Schpeen works six days a week and never calls in sick. On a normal day, you’ll see him retrieving everything from spark plugs to brake fluid—and receiving tips along the way. In his eight years at the store, he has earned more than $700 in tips, all of which get donated to the Detroit Humane Society.
The only parts Schpeen can’t retrieve are the batteries. Select Auto Parts has sold Interstate exclusively for more than 40 years. Patty said, “I personally think Interstate is one of the best batteries.”
Good boy, Schpeen! Thanks for making the customers’ battery buying experience one in a million.
Watch Schpeen in action:
The results are in and Interstate Batteries makes the list of the Top 100 Places to work in DFW for the fifth straight year. Coming in at No. 14 in the large company category, Interstate is one of only 16 companies who have made the list each year.
“I’m grateful that our Interstate culture is strong and attractive and firmly rooted in values like the Golden Rule. We’re part of something much bigger and purposeful than selling batteries,” said Interstate Batteries President & CEO Scott Miller. “Interstate impacts people’s lives for the good every day. The purpose is the ‘why’ behind why we exist.”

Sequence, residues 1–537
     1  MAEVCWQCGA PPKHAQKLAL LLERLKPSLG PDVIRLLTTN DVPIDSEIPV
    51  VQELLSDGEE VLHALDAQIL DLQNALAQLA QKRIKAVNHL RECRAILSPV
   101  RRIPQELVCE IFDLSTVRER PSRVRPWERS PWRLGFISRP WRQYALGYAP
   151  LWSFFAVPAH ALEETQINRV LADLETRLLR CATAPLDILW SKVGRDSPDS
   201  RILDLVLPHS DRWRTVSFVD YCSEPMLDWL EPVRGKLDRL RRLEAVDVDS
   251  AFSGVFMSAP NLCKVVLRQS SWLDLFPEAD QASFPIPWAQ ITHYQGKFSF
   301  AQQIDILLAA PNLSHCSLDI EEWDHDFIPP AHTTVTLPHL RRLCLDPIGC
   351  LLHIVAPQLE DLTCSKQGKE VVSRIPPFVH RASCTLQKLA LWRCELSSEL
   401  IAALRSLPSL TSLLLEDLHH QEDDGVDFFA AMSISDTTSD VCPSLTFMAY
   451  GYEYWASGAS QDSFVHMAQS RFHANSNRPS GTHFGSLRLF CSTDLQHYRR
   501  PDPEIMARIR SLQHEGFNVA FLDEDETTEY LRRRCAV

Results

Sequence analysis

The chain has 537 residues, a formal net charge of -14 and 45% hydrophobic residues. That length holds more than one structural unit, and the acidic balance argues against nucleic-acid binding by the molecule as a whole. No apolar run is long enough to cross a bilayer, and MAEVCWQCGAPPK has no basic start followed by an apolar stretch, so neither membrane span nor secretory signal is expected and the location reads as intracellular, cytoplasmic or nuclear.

The Dallas Morning News partnered with WorkplaceDynamics to survey 321 companies. Using 19 statements about the workplace, job, work/life balance and other topics, companies receive a ranking. According to The Dallas Morning News, this year’s top-ranking statement was “I believe this company is going in the right direction.”
Employers’ extras, from silly to sensible, set the right tone (The Dallas Morning News)
Want to work for a top employer? Visit our careers page now.
Team Interstate‘s Denny Hamlin may call 2013 a season to forget, but its finale was one to remember. Denny won Sunday’s Ford EcoBoost 400 at Homestead-Miami Speedway, continuing his streak of at least one victory in each of his eight full Cup seasons.
Denny suffered a compression fracture in his back earlier in the season and had to miss four races. He returned with continued pain and suffered a handful of bad finishes. He ended the season 23rd in points, the lowest finishing position of his career.
“At this point what I really love about this win is that you appreciate it so much more because you went through the bad times,” Denny said. “I was just so fortunate for the first seven years of my career to not really have a horrible season. It was just taken for granted, it seemed like. For me it just makes me appreciate that opportunity that I have, really the cars that I drive.”
Teammate Matt Kenseth finished second, but it wasn’t enough to catch Jimmie Johnson, who won his sixth championship. Matt finished the season in 2nd place.